TouringPlans is pleased to welcome back guest author Bob Jacobs.
What pops into your head when someone asks, “What comes to mind when you think of World Showcase”? A favorite place to eat? A fave shop? A preferred resting spot while enjoying a refreshing beverage?
Of course there all these things, plus great rides like Frozen Ever After, the Gran Fiesta Tour, and (soon) Remy’s Ratatouille Adventure. But tucked among them all are the hidden gems of the World: the galleries or “mini-museums” featuring cultural exhibits.
My friend Julia has pointed out that these are more than just places to walk through while waiting in line or heading in to eat. They offer the chance to learn a little and gain some appreciation without feeling overwhelmed (like you can at your local museum where there’s just so much to take in at once). Here, the information appears in smaller displays and digestible bits – without being mere infotainment.
Another friend of mine, Darren Wittko (who was a teacher before becoming a Disney travel agent) told me: “The museums in Epcot are wonderful. Some artifacts are on loan from actual museums…I used to do a scavenger hunt for my students when we would come down for a week. In some of the quests, the students had to interact with one of the Cast Members to find out more about the items on display. One of my favorites was the letter to George Washington from the King of Morocco. He congratulated Washington on our independence and therefore, it’s believed Morocco was one of our first allies. The letter is a replica of course, but it’s displayed on a wall right near the restaurant.”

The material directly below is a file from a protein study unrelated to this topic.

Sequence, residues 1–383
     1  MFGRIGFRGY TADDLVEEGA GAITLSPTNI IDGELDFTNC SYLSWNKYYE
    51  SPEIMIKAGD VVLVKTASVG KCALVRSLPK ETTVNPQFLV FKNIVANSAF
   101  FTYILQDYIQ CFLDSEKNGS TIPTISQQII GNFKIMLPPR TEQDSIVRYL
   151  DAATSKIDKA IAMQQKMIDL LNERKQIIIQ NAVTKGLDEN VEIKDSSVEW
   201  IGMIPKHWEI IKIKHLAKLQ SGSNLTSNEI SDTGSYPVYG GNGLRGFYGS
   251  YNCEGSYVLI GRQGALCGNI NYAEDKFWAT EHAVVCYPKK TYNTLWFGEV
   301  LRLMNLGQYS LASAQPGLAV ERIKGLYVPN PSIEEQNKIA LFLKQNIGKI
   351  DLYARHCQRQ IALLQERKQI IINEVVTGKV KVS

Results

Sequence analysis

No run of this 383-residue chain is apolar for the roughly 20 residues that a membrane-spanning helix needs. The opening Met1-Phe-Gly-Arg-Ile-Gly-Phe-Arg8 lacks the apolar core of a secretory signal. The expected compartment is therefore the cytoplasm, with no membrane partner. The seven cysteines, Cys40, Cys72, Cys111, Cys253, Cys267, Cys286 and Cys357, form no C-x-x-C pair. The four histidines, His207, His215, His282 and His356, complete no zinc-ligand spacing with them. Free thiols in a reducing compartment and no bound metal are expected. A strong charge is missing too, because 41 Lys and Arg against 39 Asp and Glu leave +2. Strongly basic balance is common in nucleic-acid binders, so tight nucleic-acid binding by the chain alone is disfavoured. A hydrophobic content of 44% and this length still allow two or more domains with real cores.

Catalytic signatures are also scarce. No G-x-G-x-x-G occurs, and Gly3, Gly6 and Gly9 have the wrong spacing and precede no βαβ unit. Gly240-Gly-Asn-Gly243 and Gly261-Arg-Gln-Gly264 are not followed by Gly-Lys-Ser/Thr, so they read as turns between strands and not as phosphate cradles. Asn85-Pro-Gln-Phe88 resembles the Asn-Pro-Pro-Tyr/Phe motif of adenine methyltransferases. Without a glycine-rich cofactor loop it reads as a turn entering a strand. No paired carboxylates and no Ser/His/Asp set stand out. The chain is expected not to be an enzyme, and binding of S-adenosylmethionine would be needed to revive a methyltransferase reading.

How many times have you visited the Morocco pavilion and walked right past that particular item without noticing it or being aware of its significance? Let’s head around the World and see what else we can learn!
First, some basics. Walking around World Showcase clockwise, the eleven countries represented are Mexico, Norway, China, Germany, Italy, America, Japan, Morocco, France, United Kingdom and Canada. (Four – Italy, Germany, UK, and Canada – do not have museums or galleries.)
Quick Tip: to name all the pavilions clockwise, remember this handy sentence using the first letter of each country: “Mickey Never Calls Goofy Immature; And Joyfully Minnie Fixes Ugly Cookies.” It’s just that easy!
The first gallery is the Mexico Pavilion, housing Remember ME! La Celebración del Dia de Muertos. This exhibit in the Mexican Folk Art Gallery celebrates the Day of the Dead holiday and features traditional art by both Mexican and Mexican American artists. You’ll notice nods to the Pixar movies “Coco” as well as items on loan from museums illustrating the history of the celebration. Take time to admire and enjoy the intricately crafted “papel picado” (“perforated or pecked paper”), sugar skulls, and paper sculptures, too.